The toll of people sick with acute lung illness tied to vaping has doubled since last week, with around 354 suspected cases across the U.S. Now, health officials are finally starting to publicly zero in on a leading suspect: unlicensed additives and contaminants, particularly those found in products containing THC.
The Washington Post reported Thursday that state and federal health officials have documented 354 suspected cases of the vaping-linked syndrome across 29 states. In Wisconsin, the first state to report these cases, there have been 32 confirmed and 11 possible cases as of this Thursday.
The numbers are somewhat in limbo, though, likely due to differing definitions of the syndrome and delays in tallying up all the cases. The Centers for Disease Control and Prevention said Friday, for instance, that there have been 215 possible cases reported from 25 states as of Tuesday, with additional reports of pulmonary illness being looked into.
On Friday, the CDC also issued a standard case definition for doctors to use in diagnosing the condition. All of the victims, typically young and otherwise healthy, have said they vaped in the days and weeks before their symptoms began. The progressively worsening symptoms have included cough, shortness of breath, and fatigue, while some people have also had gastrointestinal issues like vomiting and diarrhea. Though many patients have recovered soon after being hospitalized, others have endured weeks of intensive care along with lingering health problems, and at least one person in Illinois has died.
Health officials have been slow to name any primary culprits for the cluster since cases were first reported in late July. Part of that reluctance is no doubt due to the growing and sprawling scope of the investigation, which now involves dozens of state and federal agencies. But THC-containing products continue to be identified as a common link among patients.
“It was pretty severe, the one case we’ve dealt with… and there was both nicotine and THC use reported,” Sanjay Sethi, the division chief of pulmonary, critical care, and sleep medicine at the University at Buffalo and UBMD Internal Medicine program, told Gizmodo by phone. Western New York in particular has reported the bulk of vaping cases within the state, now thought to be over 25 in total.
Though there are still many unanswered questions, it now seems incredibly unlikely these cases are being caused by a typical e-cigarette. Instead, the focus is shifting to the ingredients used by black-market sellers and home-brewers to make products and cartridges containing THC. An unnamed CDC official told the Washington Post that the investigation is “starting to point to what solvents are being used, and that can vary a lot.”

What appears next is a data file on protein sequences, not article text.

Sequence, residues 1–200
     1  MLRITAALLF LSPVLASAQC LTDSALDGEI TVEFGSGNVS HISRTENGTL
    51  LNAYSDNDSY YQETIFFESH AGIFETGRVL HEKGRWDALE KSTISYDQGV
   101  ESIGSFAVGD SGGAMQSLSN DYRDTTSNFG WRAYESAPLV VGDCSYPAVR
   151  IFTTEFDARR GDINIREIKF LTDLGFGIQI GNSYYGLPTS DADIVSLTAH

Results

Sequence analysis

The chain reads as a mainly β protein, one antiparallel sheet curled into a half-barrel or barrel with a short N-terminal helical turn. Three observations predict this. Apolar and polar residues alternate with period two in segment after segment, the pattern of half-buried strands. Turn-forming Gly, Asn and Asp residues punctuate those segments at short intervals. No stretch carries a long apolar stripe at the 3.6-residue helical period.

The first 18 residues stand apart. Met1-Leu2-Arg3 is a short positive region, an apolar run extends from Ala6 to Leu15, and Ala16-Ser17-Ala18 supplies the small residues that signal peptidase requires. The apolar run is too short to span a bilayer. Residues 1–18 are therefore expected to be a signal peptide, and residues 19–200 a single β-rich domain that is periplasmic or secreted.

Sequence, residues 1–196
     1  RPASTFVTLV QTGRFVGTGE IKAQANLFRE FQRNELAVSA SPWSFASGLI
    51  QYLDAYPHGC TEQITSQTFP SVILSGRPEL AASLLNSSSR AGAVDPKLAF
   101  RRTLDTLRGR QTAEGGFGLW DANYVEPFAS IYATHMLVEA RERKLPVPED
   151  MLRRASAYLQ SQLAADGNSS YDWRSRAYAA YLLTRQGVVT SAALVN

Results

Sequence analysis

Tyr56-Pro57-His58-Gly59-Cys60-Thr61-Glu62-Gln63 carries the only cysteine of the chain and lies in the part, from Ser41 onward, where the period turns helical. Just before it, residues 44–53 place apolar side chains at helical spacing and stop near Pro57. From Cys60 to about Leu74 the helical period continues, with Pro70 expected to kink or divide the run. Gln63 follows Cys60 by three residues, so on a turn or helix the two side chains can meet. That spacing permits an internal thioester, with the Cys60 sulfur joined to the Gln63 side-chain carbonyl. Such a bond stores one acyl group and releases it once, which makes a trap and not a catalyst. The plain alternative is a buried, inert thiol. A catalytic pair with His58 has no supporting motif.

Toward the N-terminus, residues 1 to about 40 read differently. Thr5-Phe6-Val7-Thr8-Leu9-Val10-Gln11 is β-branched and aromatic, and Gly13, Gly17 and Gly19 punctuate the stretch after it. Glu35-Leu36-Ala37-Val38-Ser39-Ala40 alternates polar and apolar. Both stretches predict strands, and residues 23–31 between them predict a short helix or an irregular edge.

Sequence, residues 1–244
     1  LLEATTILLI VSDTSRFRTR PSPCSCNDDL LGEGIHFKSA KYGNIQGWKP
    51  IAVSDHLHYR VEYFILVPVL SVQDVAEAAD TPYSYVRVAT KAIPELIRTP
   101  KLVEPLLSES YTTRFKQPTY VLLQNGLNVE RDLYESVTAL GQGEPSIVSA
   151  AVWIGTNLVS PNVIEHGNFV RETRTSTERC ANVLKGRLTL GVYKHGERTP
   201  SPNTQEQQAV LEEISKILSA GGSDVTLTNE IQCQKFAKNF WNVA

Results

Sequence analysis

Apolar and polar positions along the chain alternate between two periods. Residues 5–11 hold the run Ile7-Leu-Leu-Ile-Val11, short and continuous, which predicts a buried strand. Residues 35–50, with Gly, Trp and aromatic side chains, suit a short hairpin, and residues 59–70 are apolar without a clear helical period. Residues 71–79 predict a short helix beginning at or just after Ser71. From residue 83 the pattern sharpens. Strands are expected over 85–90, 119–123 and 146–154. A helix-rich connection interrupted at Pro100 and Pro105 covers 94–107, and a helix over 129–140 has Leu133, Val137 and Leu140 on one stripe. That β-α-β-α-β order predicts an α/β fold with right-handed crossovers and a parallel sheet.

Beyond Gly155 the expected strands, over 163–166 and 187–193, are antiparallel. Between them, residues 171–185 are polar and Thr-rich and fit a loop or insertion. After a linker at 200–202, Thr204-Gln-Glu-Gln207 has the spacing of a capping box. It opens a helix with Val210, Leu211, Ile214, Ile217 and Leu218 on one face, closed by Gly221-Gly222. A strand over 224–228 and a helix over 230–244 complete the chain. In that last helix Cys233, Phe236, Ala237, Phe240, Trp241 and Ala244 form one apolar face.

Along with the solvents used to deliver heated THC to the lungs, unknown additives used to cut the amount of THC being sold in counterfeit products could also be causing the injuries. Contaminants introduced into these products, often produced and sold in “pop-up” shops, could be another important factor.
Wisconsin health officials, as of Thursday, have warned the public to “avoid vaping any THC products.” The CDC is similarly warning people not to buy any e-cigarette products off the street, including those with THC, or to modify their existing products with anything not provided by the manufacturers.
But as the CDC notes, not all victims have reported THC use. And some patients, such as the one treated by Sethi and his team, also have a history of vaping nicotine. So there’s still the possibility that other things—including contaminants found in nicotine-only products—could be causing these symptoms for some people. It’s also possible these cases have been happening for years, before the current trend of vaping THC, but were never attributed to e-cigarettes before.
“It can be really challenging to support these patients and find the right, specific treatment for them,” Sethi said, noting that his team’s patient was eventually transferred to another medical center after he failed to improve with steroid treatment. “This might be one syndrome, where symptoms are presenting in the same way. But within that, I’m sure there are going to be different reasons among different patients.”
Typical vaping products aren’t entirely off the hook either. Just yesterday, Bloomberg reported that some of the first reports of seizures linked to vaping sent to the Food and Drug Administration involved products sold by the vaping giant Juul. And on Thursday, Juul CEO Kevin Burns, citing the unknown long-term risks of vaping, told nonsmokers not to buy his company’s products.